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Female feticide

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'''Female feticide''' is the termination of pregnancy on the basis life of a fetus within the womb on the grounds that its sex is female sex of a fetus. Thus, for Orthodox Christian ethicists, female '''Female feticide ''' is gender-based [[thus the conjunction of two ethical evils: abortion]] and, as such, is seen as an evilgender bias. A fetus’s right to life outweighs the parents' rights to wealth, pride, or convenience, whether the fetus is male or female. Gender-based [[abortion]], whether of a male or a female fetus has also been termed "sex selective abortion".
This growing problem Female feticide has replaced female [[infanticide]] as a means to avoid having unwanted reduce or eliminate female offspring. In the modern era, one might be surprised to find that such a barbaric practice still exists. However, in societies where women's status is very low, some many female fetuses are rejected as "better off dead." Thus, perhaps 300 million of the total number of aborted female fetuses are have been victims of female feticide. (This number is based on a predicted ratio of boy-to-girl births and does not take into account the male and female fetuses that are aborted for non-gender-based reasons.)
The practice of female feticide denies the purpose of all human life—[[salvation]] through [[theosis|transformation]] in the image of God. An aborted fetus is denied this transformation in its fullest sense. Therefore, the Orthodox Church, which exists "for the life of the world," has an [[ethics|ethical]] responsibility to respond denounce the practice of female feticide, to persuade national political and economic leaders to the oppose female feticide by understanding and counteracting its economic, societal, and religious causes of female feticide , and to care for those who suffer from its effects.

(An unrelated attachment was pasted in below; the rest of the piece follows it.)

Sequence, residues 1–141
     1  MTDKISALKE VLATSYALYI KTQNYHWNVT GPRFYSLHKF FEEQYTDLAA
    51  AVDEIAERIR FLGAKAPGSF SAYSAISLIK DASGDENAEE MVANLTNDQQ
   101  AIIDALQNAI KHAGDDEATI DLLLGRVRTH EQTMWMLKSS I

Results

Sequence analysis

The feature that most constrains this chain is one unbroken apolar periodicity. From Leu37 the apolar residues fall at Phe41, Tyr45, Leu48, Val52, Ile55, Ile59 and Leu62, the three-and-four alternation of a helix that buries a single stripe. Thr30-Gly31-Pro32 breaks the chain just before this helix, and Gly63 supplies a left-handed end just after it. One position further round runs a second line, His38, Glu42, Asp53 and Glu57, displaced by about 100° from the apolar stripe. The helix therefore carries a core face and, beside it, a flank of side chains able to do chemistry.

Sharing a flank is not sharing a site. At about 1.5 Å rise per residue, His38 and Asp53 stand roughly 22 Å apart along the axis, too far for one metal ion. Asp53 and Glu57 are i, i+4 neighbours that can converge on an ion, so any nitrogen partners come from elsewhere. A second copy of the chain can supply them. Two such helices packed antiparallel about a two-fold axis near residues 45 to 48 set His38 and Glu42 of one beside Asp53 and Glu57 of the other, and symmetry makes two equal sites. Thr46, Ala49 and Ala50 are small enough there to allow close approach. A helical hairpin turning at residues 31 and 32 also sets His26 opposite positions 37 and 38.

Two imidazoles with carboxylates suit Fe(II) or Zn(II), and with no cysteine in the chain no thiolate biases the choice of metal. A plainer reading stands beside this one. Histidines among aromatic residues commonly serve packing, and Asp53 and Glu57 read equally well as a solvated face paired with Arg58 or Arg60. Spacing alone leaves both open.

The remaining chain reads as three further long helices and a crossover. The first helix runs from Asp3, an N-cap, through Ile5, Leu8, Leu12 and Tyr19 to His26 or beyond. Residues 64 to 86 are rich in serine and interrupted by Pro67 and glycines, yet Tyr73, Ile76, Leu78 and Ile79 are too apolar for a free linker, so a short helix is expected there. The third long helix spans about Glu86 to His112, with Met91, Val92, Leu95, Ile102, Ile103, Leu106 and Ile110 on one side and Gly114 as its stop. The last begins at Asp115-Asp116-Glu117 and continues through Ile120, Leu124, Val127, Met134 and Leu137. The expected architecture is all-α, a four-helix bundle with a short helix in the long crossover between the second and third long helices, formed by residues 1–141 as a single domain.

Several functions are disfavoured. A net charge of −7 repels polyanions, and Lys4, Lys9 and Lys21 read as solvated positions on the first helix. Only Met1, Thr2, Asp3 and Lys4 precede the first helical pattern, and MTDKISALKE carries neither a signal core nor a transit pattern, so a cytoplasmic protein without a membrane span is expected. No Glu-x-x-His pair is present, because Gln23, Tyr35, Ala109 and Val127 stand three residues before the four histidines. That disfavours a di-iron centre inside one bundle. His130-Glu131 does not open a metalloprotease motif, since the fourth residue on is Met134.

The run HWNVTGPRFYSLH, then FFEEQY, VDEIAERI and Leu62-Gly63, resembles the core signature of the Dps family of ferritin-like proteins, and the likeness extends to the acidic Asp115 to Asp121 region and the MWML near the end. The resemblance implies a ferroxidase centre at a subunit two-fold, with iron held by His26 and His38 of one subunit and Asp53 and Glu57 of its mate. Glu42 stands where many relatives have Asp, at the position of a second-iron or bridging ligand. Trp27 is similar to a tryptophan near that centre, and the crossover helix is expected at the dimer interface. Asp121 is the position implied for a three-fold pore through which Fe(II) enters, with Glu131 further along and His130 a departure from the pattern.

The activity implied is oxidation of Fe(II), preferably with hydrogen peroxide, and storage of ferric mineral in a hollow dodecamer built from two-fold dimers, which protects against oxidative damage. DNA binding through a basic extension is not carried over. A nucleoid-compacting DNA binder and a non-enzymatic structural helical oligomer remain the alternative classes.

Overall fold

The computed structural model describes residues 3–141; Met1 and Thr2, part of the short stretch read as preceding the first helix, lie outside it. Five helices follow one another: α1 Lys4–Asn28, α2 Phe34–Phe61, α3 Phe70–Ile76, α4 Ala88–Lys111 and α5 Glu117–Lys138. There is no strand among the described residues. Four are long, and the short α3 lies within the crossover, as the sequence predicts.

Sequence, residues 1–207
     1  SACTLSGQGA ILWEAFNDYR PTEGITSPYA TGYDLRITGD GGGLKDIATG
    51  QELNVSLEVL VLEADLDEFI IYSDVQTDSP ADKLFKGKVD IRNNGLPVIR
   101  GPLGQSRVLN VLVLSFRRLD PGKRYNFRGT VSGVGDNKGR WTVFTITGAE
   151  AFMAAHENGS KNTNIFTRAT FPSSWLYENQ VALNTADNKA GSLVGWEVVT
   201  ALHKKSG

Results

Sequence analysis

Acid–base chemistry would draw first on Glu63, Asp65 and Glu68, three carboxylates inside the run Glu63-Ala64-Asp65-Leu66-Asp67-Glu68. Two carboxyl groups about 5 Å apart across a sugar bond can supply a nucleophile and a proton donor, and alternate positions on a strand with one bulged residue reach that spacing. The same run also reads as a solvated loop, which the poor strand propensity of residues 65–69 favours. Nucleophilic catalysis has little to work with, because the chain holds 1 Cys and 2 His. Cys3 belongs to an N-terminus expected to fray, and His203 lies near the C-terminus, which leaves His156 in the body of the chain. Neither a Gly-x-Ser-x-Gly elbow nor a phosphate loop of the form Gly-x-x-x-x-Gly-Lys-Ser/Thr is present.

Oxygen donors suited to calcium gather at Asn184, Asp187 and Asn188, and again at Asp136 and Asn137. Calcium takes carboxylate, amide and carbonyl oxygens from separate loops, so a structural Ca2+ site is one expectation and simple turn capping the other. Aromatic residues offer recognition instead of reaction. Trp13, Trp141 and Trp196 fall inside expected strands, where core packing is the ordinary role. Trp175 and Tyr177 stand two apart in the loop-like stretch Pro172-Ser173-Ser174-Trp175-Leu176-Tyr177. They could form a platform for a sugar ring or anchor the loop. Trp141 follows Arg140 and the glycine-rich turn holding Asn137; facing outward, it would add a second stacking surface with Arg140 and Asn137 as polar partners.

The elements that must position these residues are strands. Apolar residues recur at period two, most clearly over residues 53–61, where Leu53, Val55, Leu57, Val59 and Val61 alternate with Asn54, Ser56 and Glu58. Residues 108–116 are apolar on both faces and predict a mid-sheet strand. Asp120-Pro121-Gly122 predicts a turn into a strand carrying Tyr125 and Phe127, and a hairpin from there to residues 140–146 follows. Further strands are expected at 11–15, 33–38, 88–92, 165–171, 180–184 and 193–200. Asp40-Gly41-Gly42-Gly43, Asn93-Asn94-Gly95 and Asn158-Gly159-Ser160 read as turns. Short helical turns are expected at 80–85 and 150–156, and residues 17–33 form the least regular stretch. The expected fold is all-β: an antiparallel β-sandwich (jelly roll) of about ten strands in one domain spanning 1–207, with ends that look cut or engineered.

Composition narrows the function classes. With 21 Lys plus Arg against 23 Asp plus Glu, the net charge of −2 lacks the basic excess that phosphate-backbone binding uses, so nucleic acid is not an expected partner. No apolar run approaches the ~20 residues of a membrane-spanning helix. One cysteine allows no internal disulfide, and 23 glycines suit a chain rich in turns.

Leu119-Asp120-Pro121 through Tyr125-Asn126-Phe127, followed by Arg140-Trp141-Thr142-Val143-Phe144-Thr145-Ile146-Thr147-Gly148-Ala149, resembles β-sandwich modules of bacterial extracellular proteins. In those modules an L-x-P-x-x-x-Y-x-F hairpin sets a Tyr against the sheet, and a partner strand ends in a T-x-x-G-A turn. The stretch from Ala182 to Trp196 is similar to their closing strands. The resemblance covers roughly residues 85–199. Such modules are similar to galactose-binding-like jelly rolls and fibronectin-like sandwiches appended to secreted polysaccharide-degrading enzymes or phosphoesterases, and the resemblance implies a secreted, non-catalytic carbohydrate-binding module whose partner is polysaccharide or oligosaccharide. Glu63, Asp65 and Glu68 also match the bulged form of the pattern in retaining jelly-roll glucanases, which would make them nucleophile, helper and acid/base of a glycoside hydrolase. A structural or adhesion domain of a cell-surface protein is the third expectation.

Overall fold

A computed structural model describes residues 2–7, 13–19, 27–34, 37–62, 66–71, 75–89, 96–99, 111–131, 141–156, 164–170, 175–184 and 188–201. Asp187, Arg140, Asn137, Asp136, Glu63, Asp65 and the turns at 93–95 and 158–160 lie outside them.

Many nationspeoples, both eastern and western, have a history of infanticide. For thousands of years, parents have exterminated baby girls by poisoning, strangling, or burying them alive. This practice decreased in the Greco-Roman world as Christianity flourished and is nearly non-existent in the West today.
In countries such as China and India, the practice of infanticide continued into the 20th century. However, the 1970s saw a dramatic drop in the girl-to-boy ratio in India, when abortion was legalized and ultrasound technology enabled families to determine the sex of their child by the fourth month of pregnancy. By 2005 the ratio slipped to 814 girls for every 1,000 boys, as opposed to the natural rate of 952 girls for every 1,000 boys.
==Current Global Status of Female Feticide==In From the time ultrasound technology was introduced in China, approximately 50 million girl fetuses have been victims of feticide. In India the number is estimated at 43 million. Approximately seven million more are credited to Afghanistan, Pakistan, Nepal, and South Korea. Because China and India account for 40% of the world’s population, an imbalance in these two countries affects the entire worldhas a profound impact on global population statistics.
==Case Study: India==